Once the potatoes are cool enough to hold, I run the cooked flesh through a food mill. This is key. I have tried mashing with a fork, but the texture does not come out as light as fluffy. The next step is crucial; adding the flour. I use Italian 00 flour as the texture is lighter and I find it more flavorful. If you cannot find this type of flour, regular all-purpose is fine. You will need to run it through a sifter 3 times, and you will need a little less of it. I add a little flour at a time to the potato/egg mixture; you do not want the dough to be gummy. After the dough is finished you will want to work quickly, by rolling the dough out and cutting into gnocchi. The longer you let the dough sit, the harder it is to work with. Be quick!
Making the gnocchi just takes patience. It may take you a couple times before getting it just right. Don’t give up, keep trying, it will be worth it.
With the essence of Spring in the air, I have been serving this pillowy gnocchi with a fresh pea and mint sauce. The sauce is lightly seasoned with a little lemon zest, chili flakes, and parmesan cheese. It really pairs perfectly with these little potato pillows to create a light and refreshing meal.
Potato Gnocchi with Pea Mint Sauce
- 5 medium russet potatoes
- 1 box kosher salt
- 1 cup 00 flour (all-purpose may be substituted; see post for instructions)
- 1 egg, beaten
- 1 teaspoon fresh cracked black pepper
- semolina flour
- 1 cup frozen peas
- 10 mint leaves or more if you like a stronger mint essence
- 1/4 cup parmesan cheese
- 1 garlic clove
- 1 zest of one small lemon
- 1/4 teaspoon chili flakes
- 1/2 cup olive oil
- kosher salt, to taste
- Preheat the oven to 425F. While the oven is heating, using a fork, prick the potatoes all over. Pour the box of kosher salt into a baking dish. Bury the potatoes in the salt; it will be okay if their tops pop out. Bake for 60 minutes.
- Remove the potatoes from the oven. Immediately cut the potatoes in half, then let sit until cool enough to handle. Scoop the flesh into a food mill, and process into a large mixing bowl.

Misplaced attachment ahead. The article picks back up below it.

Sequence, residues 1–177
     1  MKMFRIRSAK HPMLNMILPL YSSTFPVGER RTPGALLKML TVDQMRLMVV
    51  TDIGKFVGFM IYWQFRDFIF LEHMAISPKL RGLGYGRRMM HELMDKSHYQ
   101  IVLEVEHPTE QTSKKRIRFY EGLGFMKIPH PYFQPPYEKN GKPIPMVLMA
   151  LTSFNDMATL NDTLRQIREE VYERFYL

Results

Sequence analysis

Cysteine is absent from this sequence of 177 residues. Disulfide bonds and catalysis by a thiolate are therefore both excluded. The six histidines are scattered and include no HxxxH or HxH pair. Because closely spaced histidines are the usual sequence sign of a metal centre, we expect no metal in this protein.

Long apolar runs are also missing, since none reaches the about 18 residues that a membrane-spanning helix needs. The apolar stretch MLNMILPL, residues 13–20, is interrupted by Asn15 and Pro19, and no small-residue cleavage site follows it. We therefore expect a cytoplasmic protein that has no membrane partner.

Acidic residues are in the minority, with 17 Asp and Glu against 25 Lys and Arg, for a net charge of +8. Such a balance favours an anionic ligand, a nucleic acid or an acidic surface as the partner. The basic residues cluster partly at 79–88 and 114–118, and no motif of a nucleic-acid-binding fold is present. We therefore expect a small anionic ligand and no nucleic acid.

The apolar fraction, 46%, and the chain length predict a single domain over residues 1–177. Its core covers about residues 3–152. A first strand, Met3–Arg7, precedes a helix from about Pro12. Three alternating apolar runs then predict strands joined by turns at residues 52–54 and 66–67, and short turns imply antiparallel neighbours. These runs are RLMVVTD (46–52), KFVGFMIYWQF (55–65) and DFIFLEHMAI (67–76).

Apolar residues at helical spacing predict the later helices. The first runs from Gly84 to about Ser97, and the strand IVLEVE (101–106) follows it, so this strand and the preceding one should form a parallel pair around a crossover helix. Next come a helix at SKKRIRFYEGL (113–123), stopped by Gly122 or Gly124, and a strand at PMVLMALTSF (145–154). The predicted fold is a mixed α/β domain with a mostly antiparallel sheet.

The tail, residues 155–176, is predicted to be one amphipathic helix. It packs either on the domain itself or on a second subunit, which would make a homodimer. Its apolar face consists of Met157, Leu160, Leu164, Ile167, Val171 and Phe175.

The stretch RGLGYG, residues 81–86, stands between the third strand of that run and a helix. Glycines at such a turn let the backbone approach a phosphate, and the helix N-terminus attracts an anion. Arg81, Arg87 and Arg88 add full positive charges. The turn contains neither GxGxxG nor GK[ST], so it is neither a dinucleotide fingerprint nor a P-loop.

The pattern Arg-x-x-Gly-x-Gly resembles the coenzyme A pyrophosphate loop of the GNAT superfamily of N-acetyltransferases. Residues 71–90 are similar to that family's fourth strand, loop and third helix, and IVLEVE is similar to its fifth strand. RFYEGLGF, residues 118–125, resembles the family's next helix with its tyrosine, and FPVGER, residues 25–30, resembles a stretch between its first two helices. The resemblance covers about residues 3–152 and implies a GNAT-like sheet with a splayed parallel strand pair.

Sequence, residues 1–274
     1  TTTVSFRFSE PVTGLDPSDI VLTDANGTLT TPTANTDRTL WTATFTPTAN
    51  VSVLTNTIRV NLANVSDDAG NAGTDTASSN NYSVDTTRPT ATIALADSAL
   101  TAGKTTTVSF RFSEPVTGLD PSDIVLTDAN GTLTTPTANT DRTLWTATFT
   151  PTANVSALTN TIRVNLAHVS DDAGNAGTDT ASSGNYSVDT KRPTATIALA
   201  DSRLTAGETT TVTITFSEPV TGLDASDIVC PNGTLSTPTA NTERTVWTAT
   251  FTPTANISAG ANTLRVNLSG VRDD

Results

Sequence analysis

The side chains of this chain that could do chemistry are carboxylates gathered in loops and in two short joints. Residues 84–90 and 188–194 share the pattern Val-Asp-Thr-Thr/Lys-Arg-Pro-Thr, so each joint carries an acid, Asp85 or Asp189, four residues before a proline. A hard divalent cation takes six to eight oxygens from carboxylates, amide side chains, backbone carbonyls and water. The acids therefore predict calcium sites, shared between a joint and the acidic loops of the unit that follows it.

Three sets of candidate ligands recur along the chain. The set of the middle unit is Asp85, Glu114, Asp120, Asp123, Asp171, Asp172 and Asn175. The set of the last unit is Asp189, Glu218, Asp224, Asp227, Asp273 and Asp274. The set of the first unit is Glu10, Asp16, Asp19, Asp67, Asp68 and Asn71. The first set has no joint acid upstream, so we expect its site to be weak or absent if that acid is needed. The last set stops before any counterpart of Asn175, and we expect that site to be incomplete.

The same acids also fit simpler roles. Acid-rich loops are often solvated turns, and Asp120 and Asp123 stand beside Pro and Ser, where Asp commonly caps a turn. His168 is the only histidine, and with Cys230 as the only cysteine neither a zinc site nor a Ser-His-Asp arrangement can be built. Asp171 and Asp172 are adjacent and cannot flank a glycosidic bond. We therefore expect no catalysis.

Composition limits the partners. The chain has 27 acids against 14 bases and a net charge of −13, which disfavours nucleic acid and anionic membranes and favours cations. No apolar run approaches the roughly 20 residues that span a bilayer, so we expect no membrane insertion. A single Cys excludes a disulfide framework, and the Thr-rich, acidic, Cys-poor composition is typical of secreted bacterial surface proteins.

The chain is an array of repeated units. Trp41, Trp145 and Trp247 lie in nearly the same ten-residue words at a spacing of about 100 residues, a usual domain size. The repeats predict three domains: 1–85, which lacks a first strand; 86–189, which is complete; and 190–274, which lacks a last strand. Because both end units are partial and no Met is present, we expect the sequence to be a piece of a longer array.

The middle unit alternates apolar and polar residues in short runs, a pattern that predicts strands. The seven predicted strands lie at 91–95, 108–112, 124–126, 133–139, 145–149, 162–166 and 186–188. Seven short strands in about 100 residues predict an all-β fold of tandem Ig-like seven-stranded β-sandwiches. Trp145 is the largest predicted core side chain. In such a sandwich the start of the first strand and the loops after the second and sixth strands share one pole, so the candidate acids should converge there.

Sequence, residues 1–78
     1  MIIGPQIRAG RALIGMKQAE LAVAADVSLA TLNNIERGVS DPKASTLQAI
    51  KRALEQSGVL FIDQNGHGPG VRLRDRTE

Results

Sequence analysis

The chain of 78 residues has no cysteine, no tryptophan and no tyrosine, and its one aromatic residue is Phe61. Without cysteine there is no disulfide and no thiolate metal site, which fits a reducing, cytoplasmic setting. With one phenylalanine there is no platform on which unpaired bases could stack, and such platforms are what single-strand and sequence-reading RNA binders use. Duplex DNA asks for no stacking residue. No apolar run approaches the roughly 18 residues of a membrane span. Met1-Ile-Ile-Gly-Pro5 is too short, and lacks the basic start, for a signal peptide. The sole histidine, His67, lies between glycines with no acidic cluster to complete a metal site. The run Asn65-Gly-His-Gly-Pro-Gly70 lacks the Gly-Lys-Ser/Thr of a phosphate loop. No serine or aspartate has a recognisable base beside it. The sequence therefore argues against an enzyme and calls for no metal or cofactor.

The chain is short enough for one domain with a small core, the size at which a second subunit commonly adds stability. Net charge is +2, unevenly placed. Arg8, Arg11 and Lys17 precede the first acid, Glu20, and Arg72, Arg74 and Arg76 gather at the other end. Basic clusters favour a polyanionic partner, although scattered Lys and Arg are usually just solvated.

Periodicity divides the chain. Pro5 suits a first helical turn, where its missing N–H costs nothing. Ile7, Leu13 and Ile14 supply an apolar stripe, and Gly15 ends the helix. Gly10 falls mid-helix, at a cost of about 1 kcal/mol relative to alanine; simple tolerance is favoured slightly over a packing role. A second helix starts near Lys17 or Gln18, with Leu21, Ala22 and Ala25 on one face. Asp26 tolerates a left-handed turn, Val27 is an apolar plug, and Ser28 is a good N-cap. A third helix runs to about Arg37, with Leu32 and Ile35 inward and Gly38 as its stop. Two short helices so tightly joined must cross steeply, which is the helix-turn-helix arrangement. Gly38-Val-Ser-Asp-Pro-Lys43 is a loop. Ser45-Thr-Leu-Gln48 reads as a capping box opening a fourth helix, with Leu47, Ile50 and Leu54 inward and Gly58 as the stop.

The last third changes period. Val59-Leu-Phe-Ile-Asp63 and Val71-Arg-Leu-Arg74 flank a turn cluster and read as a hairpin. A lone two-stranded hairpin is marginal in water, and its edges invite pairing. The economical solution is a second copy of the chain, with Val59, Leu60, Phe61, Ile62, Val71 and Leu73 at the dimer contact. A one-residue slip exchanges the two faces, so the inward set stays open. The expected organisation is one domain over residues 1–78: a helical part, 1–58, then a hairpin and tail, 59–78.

- Spread the potatoes over a clean working surface, using a pastry scraper. Sprinkle the pepper over the top, and drizzle with the beaten egg. Lightly sprinkle 1/2 of the flour over the potato-egg mixture. Using the pastry scraper, begin incorporating the ingredients, and continue doing so until almost combined. Keep adding the flour until you reach a thick consistency. It may become necessary to use your hands towards the end to continue combining the ingredients. This last mixing step will only take a few moments. Once the dough has come together, divide into 4 equal pieces.
- Clean your work surface and dry well. Lightly sprinkle a little 00 flour over the surface. Working quickly, roll the dough into a large 1/2” rope, then cut into 1/2 inch pieces of gnocchi. After cutting the dough you can opt to use the tines of a fork or a gnocchi board to make grooves into each piece. I prefer not too. Completely up to you.
- Set the gnocchi pieces onto a baking sheet that has been lightly covered with semolina flour.
- Begin preparing the sauce. Fill a saucepan full of cold water and bring to a boil. Add the peas and cook for 1 1/2 minutes. Immediately drain into a colander and stop the cooking process with an ice bath. Drain again. Add the peas, mint leaves and garlic to a food processor. Pulse until smooth. Add the lemon zest, chili flakes, and cheese. Pulse. With the food processor running add the olive oil. Season with salt.
- Fill a large heavy pot with cold water. Season generously with kosher salt; this helps season the gnocchi. Bring to a boil. Add pieces of gnocchi, one at a time, cook only until they float up to the top (about 2 – 4 minutes). Scoop out and lay on top of paper towels.
- Lightly toss with the pea sauce. Serve and pass more grated parmesan cheese.